A $14 million project
to triple the Port of Wilmington's refrigerated container capacity is now underway, port officials said this week.
The project will grow the Port of Wilmington's capability to handle refrigerated containers from 300 to 1,000, once the project is complete, said Brian Clark, chief operating officer and deputy executive director of N.C. Ports.
The work is happening on the port's existing footprint near the Port of Wilmington Cold Storage facility, said Bethany Welch, spokeswoman for N.C. Ports. When complete, the project will consolidate the port's refrigerated cargo into one space, and add the ability to stack its refrigerated cargo, she said.
The project, which totals $14.2 million, is part of the port's overall container terminal expansion plan (rendering pictured right
). In March, the ports completed a portion of the plan, which opened a new section of the container terminal, Welch said.
That work involved removing an old warehouse, followed by ground and paving work, which enabled the port to open the new container section and allow for more stacks of containers, she said.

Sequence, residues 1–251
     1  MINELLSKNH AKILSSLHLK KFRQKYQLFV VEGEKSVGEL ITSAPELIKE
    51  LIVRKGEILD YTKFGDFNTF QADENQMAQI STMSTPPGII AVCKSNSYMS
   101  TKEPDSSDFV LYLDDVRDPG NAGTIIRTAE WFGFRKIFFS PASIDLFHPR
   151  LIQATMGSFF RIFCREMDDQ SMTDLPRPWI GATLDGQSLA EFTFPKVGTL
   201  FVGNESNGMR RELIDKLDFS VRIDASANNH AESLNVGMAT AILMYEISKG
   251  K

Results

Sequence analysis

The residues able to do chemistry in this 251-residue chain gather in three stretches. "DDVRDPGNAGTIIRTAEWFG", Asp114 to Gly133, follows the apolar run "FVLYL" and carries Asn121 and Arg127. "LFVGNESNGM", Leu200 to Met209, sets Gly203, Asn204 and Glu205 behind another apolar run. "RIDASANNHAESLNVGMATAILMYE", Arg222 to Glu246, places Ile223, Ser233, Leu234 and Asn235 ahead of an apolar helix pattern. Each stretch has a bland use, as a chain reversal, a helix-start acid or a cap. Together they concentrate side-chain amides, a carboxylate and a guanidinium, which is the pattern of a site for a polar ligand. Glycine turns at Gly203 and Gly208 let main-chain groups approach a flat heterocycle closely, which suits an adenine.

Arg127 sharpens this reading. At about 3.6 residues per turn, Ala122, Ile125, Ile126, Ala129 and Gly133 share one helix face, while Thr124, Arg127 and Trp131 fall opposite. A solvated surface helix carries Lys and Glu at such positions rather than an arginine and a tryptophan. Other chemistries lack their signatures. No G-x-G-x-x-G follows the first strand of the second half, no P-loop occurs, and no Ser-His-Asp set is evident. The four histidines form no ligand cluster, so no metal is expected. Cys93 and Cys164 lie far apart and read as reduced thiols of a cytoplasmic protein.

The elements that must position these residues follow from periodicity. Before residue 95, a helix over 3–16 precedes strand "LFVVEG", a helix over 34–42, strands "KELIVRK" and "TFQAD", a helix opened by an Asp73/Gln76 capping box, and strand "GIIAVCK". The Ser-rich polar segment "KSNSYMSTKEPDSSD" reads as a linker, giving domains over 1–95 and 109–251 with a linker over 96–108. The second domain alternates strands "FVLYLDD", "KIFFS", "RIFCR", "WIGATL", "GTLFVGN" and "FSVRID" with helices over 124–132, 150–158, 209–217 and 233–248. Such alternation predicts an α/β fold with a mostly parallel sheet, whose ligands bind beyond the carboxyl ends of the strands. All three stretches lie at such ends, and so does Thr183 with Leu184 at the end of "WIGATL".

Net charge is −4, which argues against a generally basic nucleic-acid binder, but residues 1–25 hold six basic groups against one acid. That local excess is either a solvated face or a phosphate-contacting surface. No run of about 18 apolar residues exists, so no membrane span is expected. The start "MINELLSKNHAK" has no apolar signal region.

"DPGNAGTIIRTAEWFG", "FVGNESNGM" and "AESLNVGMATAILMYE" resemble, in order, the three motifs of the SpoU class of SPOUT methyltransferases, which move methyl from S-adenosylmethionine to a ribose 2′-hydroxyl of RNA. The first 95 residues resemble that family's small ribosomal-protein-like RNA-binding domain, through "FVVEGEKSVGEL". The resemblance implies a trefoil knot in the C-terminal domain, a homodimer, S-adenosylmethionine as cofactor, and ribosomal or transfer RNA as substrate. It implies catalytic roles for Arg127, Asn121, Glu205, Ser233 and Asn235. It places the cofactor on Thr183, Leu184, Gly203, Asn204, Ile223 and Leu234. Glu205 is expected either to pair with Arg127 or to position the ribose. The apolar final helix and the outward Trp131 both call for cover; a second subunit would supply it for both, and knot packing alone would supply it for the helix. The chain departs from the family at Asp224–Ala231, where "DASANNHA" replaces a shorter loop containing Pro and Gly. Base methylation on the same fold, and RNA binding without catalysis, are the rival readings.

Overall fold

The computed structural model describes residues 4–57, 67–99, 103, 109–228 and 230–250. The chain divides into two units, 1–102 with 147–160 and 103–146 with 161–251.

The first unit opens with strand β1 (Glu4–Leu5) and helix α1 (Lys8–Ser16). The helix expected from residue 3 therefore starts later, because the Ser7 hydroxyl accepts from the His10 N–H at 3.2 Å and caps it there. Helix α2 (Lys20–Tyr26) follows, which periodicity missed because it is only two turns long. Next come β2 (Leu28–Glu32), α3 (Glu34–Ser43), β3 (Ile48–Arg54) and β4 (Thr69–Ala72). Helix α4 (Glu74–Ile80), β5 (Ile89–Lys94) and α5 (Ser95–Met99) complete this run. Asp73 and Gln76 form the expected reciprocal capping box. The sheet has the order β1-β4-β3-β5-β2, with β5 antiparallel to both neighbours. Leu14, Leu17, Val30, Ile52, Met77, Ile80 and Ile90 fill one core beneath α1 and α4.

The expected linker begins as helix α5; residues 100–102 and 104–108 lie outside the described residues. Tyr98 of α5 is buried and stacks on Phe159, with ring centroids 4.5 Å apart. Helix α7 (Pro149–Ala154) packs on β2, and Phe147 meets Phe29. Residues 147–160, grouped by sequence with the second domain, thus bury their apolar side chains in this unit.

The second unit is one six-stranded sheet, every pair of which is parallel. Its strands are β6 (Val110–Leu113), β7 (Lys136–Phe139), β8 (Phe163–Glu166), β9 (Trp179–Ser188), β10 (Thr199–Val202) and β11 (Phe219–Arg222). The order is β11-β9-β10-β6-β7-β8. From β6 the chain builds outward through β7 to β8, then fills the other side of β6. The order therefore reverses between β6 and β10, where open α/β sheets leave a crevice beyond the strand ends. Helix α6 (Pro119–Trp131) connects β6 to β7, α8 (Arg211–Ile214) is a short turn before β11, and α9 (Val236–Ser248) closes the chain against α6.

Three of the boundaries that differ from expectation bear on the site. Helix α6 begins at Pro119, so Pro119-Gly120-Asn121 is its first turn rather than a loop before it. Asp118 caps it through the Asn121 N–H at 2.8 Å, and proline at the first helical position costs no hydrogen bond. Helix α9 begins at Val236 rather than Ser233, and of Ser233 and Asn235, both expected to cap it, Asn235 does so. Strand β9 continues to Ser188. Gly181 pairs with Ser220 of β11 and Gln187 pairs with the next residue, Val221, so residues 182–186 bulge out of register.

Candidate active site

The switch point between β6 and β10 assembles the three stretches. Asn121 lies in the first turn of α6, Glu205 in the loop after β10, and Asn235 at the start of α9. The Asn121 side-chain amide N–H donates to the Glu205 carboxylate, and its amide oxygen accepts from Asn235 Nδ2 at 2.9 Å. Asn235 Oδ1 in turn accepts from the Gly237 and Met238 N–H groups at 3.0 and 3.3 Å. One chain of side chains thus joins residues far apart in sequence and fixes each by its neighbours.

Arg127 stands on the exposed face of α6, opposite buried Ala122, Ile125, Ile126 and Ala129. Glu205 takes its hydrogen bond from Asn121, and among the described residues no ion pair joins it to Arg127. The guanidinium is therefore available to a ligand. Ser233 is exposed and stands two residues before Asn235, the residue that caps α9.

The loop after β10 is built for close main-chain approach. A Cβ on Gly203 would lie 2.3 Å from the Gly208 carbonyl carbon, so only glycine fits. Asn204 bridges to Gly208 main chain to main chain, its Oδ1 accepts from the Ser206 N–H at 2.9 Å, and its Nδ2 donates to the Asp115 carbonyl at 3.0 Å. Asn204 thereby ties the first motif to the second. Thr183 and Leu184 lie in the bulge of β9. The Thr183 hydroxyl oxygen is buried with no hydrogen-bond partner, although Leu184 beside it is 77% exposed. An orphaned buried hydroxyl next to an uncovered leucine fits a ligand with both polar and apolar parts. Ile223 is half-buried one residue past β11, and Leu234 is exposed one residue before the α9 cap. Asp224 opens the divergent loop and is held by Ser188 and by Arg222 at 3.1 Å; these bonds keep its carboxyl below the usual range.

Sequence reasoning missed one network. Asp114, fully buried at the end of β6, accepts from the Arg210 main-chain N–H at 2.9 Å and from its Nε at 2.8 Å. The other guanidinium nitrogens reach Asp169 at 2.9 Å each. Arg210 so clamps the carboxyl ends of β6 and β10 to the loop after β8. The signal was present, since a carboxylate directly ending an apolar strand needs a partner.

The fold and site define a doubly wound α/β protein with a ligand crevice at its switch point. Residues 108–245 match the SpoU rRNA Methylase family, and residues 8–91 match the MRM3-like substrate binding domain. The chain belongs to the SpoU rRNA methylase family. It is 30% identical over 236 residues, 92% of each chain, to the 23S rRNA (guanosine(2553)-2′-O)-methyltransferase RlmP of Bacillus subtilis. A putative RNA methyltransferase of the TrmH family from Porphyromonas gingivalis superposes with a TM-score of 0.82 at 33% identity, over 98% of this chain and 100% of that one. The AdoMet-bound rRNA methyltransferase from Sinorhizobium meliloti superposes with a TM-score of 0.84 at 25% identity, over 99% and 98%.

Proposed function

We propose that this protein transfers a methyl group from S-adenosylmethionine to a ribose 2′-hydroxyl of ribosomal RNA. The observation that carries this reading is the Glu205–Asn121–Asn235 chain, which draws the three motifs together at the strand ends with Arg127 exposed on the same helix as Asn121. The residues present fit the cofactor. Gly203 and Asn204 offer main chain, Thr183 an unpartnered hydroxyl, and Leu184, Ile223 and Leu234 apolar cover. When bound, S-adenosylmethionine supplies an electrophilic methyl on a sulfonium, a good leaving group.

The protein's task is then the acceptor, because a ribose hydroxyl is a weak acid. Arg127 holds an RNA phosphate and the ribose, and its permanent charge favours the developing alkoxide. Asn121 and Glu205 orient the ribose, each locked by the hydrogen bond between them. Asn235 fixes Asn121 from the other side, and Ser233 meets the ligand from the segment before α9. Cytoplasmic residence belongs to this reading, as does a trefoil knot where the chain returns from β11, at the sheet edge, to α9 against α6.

The container yard expansion will grow the Port of Wilmington’s annual throughput capacity from about 600,000 TEU (20-foot equivalent units) to roughly 1.2 million TEU, Clark said.
The container yard expansion is included in N.C. Ports' more than $200 million capital improvement plan. At the Port of Wilmington, some work related to the capital plan is already taking place.
In April, the port received its third and final neo-Panamax crane. N.C. Ports is waiting for federal permit approval for the second phase of its turning basin expansion, Clark said. And work is ongoing to its berth improvements, which is slated for completion at the end of the year.
These improvements in the overall capital plan, when complete, will give the Port of Wilmington the capability to handle two 14,000 TEU ships at the same time.
The container yard expansion will give the port the ability to handle a greater volume of cargo that comes with the larger ships.
Construction on the new refrigerated container yard is slated for completion in early 2020, Clark said.
In addition, the Port of Wilmington will also add to its truck lanes. The existing space that is being utilized for refrigerated containers will make room for the Port of Wilmington's growth in its gate complex, Welch said.
“All of these projects were designed with [our] efficiency component in mind,” Welch said.
The port will also add a new terminal operating system and gate operating system, which aim to enhance the efficiency of the container yard and gate, according to N.C. Ports.
“We're updating the way our trucks will move in and out. And that system that keeps track of where everything is going to go. So that again will allow us to move cargo around our terminal more efficiently," Welch said.
Correction: This version corrects Brian Clark's title.